“Oh, shut up!” begged Ossie almost tearfully.
“It was bully! Were you there when we chased the burglars?”
“When you—what?” asked Wink.
“Chased the burglars, I said. Mr. Drummer, or something—I never did get the name of the folks—found three of them trying to break into his safe, and they knocked him down and half-killed him, and the servants chased them, and then everyone took a hand! It was fine and exciting, I tell you! Had you gone off before that?”
“Why—er—seems to me we did hear something,” said Perry. “When—when was this?”
“Oh, about a quarter to ten, I suppose. We were dancing—”
“You were dancing?” ejaculated Wink.
“Sure! All of us danced. Didn’t you?”
“Who with, for the love of Mike?”
“Oh, lots of girls. Mrs. Thingamabob happened to find Joe standing around and made him tell her his name, and then she took him off and introduced him to some girls, and then he introduced the rest of us. It was a peachy floor. Some of the girls were all right, too.”
“You seem to have got on fairly well,” said Wink, “considering you weren’t invited.”
“We were invited just as much as you were,” responded Han indignantly.
“Maybe, son, maybe,” answered Wink, as he climbed aboard the darkened Follow Me, “but I’ll bet they weren’t half as sorry to see you go as they were to see us!”
With which cryptic remark Wink stumbled into the cockpit and disappeared.
Although the Adventure Club remained in port for another day, neither Perry, Wink nor Ossie went ashore again, and all the efforts of the rest of the party failed to coax them off the boats. They were, they declared, fed up with Bar Harbor. And they hinted that so far as they were concerned the voyage might continue at any moment without protest. Han brought back a newspaper that afternoon containing a vivid and highly sensational account of the attempted robbery of the Alfred Henry Drummond “cottage.” The three read it with much interest, and especially that portion of it which stated that “the local police force is investigating and has every expectation of making arrests within twenty-four hours, since it is not believed the burglars have succeeded in leaving the island and all avenues of escape are being closely guarded.”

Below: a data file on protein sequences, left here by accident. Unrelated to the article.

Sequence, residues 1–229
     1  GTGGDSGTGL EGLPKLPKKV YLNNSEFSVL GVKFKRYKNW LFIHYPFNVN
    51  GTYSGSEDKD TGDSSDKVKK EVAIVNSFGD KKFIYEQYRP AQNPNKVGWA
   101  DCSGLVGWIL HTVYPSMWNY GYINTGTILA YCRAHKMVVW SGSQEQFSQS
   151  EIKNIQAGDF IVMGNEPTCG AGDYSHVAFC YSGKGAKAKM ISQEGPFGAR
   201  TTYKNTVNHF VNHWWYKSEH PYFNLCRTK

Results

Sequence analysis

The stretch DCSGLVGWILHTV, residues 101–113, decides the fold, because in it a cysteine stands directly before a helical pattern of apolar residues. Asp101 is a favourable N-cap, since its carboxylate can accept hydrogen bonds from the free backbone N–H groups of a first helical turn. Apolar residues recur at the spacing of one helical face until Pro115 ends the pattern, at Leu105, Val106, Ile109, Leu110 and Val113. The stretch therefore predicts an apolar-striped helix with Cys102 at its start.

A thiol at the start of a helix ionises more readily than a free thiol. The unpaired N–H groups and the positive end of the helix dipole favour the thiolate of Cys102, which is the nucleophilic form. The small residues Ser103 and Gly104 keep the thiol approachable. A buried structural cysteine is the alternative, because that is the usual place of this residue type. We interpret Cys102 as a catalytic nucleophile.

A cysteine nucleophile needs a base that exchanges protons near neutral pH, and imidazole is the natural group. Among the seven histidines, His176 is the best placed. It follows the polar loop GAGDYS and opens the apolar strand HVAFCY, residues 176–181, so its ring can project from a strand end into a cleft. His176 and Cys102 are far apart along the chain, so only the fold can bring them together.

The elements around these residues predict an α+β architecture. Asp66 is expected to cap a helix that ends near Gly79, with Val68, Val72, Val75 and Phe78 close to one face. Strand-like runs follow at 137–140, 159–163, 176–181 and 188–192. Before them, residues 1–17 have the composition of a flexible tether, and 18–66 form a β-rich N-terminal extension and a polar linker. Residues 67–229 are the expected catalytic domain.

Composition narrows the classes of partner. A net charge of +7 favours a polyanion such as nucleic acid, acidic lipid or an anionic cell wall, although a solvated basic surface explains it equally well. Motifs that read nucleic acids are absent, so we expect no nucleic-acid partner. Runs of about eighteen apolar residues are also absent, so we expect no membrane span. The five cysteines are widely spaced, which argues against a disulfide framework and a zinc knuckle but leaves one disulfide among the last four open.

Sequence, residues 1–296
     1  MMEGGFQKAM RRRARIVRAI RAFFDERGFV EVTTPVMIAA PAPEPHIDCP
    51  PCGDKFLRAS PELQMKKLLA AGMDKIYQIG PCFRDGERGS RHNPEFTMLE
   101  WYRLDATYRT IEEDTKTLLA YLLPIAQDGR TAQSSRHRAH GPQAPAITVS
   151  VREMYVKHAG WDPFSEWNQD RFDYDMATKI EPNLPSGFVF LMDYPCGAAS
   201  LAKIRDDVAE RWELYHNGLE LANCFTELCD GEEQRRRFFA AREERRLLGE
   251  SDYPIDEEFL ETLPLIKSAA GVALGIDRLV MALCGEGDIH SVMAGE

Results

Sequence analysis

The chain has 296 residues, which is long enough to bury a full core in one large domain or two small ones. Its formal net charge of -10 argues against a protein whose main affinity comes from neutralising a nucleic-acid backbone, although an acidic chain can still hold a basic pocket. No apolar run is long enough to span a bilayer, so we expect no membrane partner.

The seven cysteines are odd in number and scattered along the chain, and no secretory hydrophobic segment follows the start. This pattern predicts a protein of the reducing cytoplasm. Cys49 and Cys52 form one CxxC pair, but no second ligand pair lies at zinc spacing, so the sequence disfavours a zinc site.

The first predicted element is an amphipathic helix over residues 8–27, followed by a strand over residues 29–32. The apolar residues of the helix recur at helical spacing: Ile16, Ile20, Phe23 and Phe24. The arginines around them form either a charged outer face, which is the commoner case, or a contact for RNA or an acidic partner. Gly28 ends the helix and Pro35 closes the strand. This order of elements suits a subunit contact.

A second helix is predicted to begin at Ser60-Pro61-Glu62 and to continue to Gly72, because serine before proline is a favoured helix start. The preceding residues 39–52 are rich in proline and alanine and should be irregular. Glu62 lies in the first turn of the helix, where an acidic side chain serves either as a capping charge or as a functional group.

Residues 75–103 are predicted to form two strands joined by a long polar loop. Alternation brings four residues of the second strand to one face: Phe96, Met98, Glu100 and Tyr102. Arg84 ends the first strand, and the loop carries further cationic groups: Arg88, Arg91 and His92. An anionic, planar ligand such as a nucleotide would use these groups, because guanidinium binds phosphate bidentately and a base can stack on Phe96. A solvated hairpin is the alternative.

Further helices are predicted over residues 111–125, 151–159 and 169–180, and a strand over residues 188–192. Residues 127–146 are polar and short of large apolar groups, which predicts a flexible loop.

It might have been observed by the others, but wasn’t, that Perry and Ossie, on the Adventurer, and Wink, on the Follow Me, exhibited a strange fondness for the seclusion of the cabins from that time until the next day at eight, when the cruisers up-anchored and passed out of the harbour. And as the broad Atlantic rolled under the keels three hearty sighs emerged from as many throats.
The two boats passed Petit Manan Island toward ten that forenoon, a tiny rocky islet holding aloft a tall shaft against the blue of the Summer sky. “A hundred and fourteen feet,” said Joe informatively, “and the highest lighthouse on the coast except one.”